Broadly speaking, U.S. economic data released this year has been solid. Of course there have been hiccups along the way, a slightly higher unemployment rate seen in last Friday's May jobs report is one example, but overall the data have been decent.
Improving data points have included some good news regarding U.S. consumers, or those folks that drive 70 percent of this country's GDP. Chipper consumers have meant good things for discretionary and retail ETFs, a conversation that often revolves around a small number of ETFs such as the Consumer Discretionary Select Sector SPDR (NYSE:XLY) and the SPDR S&P Retail ETF (NYSE:XRT).
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Good choices to be sure as XLY, the largest discretionary ETF, is up 17.4 percent year-to-date. XRT, which takes an equal-weight approach to the retail sub-sector, has surged nearly 25 percent. Not every discretionary ETF gets the attention it deserves and with that in mind, here are few such funds to consider should consumer data keep improving.
PowerShares S&P SmallCap Consumer Discretionary Portfolio (NASDAQ:PSCD) In the essence of brevity, the PowerShares S&P SmallCap Consumer Discretionary Portfolio is the small-cap equivalent of XLY, obviously courtesy of a different issuer. The PowerShares offering gives investors exposure to retail, automotive, leisure and recreation, media and real estate. PSCD's 106-stock lineup has rewarded investors this year with a gain of 21 percent.
This is another one of those ETFs that know-it-alls that are in love with superficial evaluation tools such as assets under management would tell investors to stay away from. Indeed, PSCD has just $77.4 million in AUM, but its year-to-date returns indicate staying away from this ETF on that basis was a dumb move.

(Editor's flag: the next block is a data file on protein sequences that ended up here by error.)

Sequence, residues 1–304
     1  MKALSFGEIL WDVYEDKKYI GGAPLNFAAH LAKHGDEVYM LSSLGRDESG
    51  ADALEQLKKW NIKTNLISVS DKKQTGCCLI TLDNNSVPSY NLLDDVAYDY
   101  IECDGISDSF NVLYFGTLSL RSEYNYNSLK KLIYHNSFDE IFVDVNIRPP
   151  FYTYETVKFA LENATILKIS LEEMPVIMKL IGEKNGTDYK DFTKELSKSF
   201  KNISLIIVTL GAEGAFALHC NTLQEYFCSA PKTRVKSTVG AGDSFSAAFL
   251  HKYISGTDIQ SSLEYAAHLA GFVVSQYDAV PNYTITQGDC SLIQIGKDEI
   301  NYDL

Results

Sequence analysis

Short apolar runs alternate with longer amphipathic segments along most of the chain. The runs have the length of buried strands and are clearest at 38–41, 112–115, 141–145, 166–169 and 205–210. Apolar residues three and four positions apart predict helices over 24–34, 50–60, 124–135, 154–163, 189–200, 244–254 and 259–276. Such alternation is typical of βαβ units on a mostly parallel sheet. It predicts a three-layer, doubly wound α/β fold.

PSCD's largest holdings are heavily traded and the ETF rarely trades at noticeable premiums or discounts to its net asset value, according to PowerShares data, indicating the fund is sufficiently liquid.
First Trust Consumer Discretionary AlphaDEX Fund (NYSE:FXD) The First Trust Consumer Discretionary AlphaDEX Fund follows the same path as as the other AlphaDEX ETFs and that can work in favor of investors in the right market environment. For example, FXD is up 35 percent in the past year compared to 33 percent for XLY.
Like the other AlphaDEX funds, FXD eschews weighting by market cap in favor of a focus on a value and growth factors. The result is a lineup of 125 stocks with none receiving a weight north of 1.62 percent. Top-10 holdings include Guess (NYSE:GES), General Motors (NYSE:GM) and Pandora (NYSE:P).
FXD, which has almost $625 million in assets under management, allocates more than 38 percent of its combined weight to media and specialty retail names. The one drawback here is that the ETF's three-year standard deviation is about 300 basis points higher than the S&P 500 Consumer Discretionary Index's, according to First Trust data.
Guggenheim S&P 500 Equal-Weight Consumer Discretionary ETF (NYSE:RCD) As is the case with the AlphaDEX funds, there are times when equal-weight sector ETFs outpace their cap-weighted rivals. The $61.8 million RCD has been doing that (compared to XLY) over the past year. RCD is dominated by the specialty retail, media and hotel and restaurant sub-sectors with those groups combining for about 54 percent of the fund's weight.
Holdings include Best Buy (NYSE:BBY), Coach (NYSE:COH) and Wynn Resorts (NASDAQ:WYNN). RCD's expense ratio of 0.5 percent per year is nearly triple that of XLY's, and like FXD, RCD is also slightly more volatile than XLY.
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